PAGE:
A Bonteheuwel pensioner has transformed his backyard into a tranquil garden boasting more than 100 plant species.
Alfonso Schrikker, 71, says lockdown has given him a chance to work in his garden for even longer hours, often spending his time there from morning until 4.30pm.
His love for gardening started nearly 50 years ago, when his job then allowed him “lots of free time”, as he worked shifts.
“My mother liked carnations and gladiolas. Back then, there were a lot of flower shows, and I had friends who competed in these shows. They planted dahlias and I asked my friends to teach me how to grow them. One friend in particular, George Lamont, guided me. I remember the first dahlia I grew was a duet – it was white with maroon edges.”
Over the years, Mr Schrikker’s interest expanded beyond flowers, and he started growing plants as well. His collection now also includes succulents and indigenous plants.
Anyone in Bonteheuwel who has an organ pipes cactus can trace its origin back to him, he says proudly.
He is known as the “plant man” at his parish, St Matthews Catholic Church, because every year at its bazaar, Mr Schrikker sells plants and donates all the proceeds to the church.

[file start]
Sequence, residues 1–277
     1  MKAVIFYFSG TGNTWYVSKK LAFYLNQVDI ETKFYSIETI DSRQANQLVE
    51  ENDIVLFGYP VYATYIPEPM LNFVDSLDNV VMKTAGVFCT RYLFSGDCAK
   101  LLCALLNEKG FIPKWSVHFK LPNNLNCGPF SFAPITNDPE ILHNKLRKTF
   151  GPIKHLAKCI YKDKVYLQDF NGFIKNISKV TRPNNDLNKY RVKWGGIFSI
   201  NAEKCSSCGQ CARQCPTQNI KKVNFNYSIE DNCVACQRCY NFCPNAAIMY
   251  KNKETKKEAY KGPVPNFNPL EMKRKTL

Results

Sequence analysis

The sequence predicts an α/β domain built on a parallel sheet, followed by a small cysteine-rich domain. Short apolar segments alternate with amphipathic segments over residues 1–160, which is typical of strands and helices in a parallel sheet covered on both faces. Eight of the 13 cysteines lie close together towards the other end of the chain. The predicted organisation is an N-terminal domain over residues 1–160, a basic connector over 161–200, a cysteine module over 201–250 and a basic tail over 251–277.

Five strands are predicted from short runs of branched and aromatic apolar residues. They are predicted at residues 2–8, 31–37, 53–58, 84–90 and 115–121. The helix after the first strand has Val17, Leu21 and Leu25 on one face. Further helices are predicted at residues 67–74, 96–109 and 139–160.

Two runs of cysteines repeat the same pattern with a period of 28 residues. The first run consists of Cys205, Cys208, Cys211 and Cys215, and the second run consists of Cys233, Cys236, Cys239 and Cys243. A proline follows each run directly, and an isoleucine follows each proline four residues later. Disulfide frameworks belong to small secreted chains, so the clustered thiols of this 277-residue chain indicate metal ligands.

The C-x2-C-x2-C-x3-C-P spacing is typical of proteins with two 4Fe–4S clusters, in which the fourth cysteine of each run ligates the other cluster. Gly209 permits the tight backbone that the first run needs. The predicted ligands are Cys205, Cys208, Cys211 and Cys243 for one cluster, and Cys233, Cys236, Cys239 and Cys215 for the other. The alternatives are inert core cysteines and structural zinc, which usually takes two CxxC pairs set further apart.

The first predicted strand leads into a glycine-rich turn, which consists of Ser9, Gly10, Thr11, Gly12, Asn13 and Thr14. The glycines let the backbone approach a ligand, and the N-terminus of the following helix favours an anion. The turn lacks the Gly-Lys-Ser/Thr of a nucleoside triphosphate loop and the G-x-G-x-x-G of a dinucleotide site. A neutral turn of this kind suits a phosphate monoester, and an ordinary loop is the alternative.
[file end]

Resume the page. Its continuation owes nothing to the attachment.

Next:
Another plant in his garden, called cow tongue, is not often spotted, he says.
He did not always know the names for the plants, but he’s spent time over the years learning them.
These days, Mr Schrikker gets help from the younger generation in his family who uses technology to identify a plant he is not familiar with.
“If I am not sure how to care for a plant, I buy three of it,” he says. “I put the one in the shade, one in semi-shade and one in the sun. That is how I get to know what works best for that plant.”
He has not ventured into food gardening yet, but he recently started a herb garden, after being nudged by his wife, Flori, who is one half of the Kook Saam Kaaps cookbook, which received international accolades. The other half of the book, her friend, Koelsoem Kamalie, died in April. The two also released another cookbook, Soettand, and had two televised cooking shows.
Mr Schrikker says he would encourage anyone to start a garden – especially the younger generation. He is currently guiding another Bonteheuwel resident with her garden.
As a pensioner, he cannot afford to buy pot soil or compost, but he has learnt over the years how to do things more cost-effectively. “The best thing I can do now is to share my knowledge I have learnt over the years. People who want to start a garden must have a passion for planting, and they must remember, like most things in life, growing a garden is not an overnight thing.”